Bull and Bear Markets
What do people mean when they describe markets as bullish or bearish? What are bulls and bears? Sidestepping obvious zoological answers to the question, pretty much everyone knows that a bull is an investor who drives the prices of stocks up and a bear is an investor who drives the price of stocks down. This actually hinges entirely on what the investor believes, or wants to believe at any rate.
If an investor believes that the value of a company is greater than the price the market sets for it, then he expects the stock price to rise. Anticipating this rise, he buys the stock at a price slightly higher than the average market price at the moment of sale, confident that the stock price will rise still higher. However, by purchasing the stock at a slightly higher price than average, he has actually raised the average price of the stock, though perhaps only a bit. Thus he fulfills his own belief, through action: the stock price rose, because he acted on his belief that it would. Of course, only a very large investor can single-handedly effect the movement of a stock price. However, when the mass psychology of Market Opinion holds decisively that a stock is undervalued, then the over-all drive to buy the stock out-balances the over-all drive to sell, and the price of the stock climbs in earnest. The market is bullish. Sellers can ask higher and higher prices for the stock they own, and be confident that someone new will always step forward to buy from them. The new beginning of a bull market is the best time to buy, and the full swing of a bull market is the best time to sell.
Now if an investor believes that the value of a company is less than the price the market sets for it, he expects people will catch on to this, and that the stock's price will drop. Anticipating this drop, he sells the stock he owns for slightly less than the average market price, eager to reap gains before his investment loses value. But he has lowered the average price of the stock by selling the stock at a slightly lower price than average. When enough investors begin selling their stock holdings off at lower-than-average prices, the mass psychology of Market Opinion swings in favor of the bearish view, that the company is overvalued in the markets and must fall. The over-all market drive to sell then out-balances the over-all market drive to buy and prices plummet in earnest. This is a bear market. Buyers may bid lower and lower prices for stock, confident that a desperate new seller will step forward and offer them what they want. The new beginning of a bear market is the best time sell, and the full flourish of a bear market is the best time to buy.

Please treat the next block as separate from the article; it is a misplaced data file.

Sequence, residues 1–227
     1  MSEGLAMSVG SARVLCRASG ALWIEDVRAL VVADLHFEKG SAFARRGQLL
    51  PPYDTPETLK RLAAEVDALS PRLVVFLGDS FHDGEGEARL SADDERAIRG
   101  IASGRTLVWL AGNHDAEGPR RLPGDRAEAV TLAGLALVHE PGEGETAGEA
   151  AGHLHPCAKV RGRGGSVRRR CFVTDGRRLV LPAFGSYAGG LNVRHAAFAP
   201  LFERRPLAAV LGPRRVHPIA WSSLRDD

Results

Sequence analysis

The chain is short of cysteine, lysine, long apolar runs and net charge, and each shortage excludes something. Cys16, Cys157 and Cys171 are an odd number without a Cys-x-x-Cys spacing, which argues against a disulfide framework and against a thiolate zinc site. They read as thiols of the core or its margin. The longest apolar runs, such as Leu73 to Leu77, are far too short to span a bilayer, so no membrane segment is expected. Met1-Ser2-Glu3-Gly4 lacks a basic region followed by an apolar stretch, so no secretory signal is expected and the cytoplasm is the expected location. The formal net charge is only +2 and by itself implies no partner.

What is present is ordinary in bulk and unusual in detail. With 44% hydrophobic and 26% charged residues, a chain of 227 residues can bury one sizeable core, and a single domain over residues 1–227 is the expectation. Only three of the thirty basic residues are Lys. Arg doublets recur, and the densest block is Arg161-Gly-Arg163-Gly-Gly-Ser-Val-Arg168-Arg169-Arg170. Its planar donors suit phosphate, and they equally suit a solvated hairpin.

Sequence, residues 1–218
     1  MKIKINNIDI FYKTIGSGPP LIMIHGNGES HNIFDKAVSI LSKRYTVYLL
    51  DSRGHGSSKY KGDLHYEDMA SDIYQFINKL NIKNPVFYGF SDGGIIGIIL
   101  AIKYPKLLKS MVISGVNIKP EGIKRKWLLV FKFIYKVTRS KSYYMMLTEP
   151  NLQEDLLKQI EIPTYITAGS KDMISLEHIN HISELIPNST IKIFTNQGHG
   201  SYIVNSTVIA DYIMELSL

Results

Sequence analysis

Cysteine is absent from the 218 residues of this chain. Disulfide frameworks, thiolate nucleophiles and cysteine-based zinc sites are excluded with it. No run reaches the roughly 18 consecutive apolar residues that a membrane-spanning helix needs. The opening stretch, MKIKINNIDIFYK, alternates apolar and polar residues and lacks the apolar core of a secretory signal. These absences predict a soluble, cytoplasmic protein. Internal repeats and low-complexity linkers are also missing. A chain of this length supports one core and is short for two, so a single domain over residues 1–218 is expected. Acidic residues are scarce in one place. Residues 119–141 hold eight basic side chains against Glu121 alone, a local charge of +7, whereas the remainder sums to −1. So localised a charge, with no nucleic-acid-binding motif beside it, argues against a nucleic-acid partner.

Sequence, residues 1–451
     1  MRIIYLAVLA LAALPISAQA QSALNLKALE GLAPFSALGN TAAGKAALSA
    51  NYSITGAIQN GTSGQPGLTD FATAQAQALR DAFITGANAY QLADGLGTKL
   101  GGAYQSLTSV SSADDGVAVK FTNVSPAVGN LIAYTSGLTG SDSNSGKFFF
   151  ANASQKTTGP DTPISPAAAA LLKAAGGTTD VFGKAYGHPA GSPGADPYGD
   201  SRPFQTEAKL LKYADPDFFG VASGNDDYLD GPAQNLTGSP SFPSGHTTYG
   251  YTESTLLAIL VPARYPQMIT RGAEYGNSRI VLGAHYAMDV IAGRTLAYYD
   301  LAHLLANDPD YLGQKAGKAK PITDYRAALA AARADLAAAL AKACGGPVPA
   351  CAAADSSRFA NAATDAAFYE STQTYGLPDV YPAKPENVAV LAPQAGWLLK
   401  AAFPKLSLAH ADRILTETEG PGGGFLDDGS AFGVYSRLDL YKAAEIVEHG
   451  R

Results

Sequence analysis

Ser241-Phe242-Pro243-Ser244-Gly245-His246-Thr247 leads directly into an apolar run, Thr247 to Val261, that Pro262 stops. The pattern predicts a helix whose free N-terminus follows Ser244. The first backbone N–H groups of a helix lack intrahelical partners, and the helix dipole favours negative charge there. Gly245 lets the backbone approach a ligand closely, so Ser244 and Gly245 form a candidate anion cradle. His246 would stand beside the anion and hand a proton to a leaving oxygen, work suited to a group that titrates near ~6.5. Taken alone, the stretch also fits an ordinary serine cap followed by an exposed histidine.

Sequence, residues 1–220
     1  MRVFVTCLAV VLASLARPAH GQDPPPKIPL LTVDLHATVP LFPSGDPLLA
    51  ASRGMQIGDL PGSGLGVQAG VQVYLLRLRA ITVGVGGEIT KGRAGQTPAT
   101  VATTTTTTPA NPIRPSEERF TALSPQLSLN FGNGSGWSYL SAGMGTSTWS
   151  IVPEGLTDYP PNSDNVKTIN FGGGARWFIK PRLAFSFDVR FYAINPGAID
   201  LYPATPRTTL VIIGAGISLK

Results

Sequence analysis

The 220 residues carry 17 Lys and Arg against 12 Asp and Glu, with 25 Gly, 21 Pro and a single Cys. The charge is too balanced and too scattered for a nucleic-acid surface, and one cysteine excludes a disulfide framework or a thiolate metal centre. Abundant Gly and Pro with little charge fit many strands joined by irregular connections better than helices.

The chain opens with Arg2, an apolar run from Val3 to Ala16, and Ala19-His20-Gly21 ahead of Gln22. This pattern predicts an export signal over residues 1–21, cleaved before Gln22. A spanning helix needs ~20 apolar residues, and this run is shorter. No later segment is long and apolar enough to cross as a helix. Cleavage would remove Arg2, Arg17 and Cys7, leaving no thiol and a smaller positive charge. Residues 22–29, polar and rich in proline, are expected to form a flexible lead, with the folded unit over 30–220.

Belief in the the orientation between the market price of a company and the "real" value of the company is the origin the rise and fall of stock prices. One invests in an idea ("XYZ will rise!") as much as one believes, and if there is enough belief among the estimated ------- million investors in the country that a stock will rise, then rise it will. The thin line that charts the movement of stock prices is the record of a great battle of wills, where bulls and bears throw huge amounts of money behind their beliefs that the markets will rise or fall. Every investment, sale or purchase, is a blow struck against the other side. Bulls strike up with their horns, bears strike down with their claws, and the winners take the prize: the other man's money.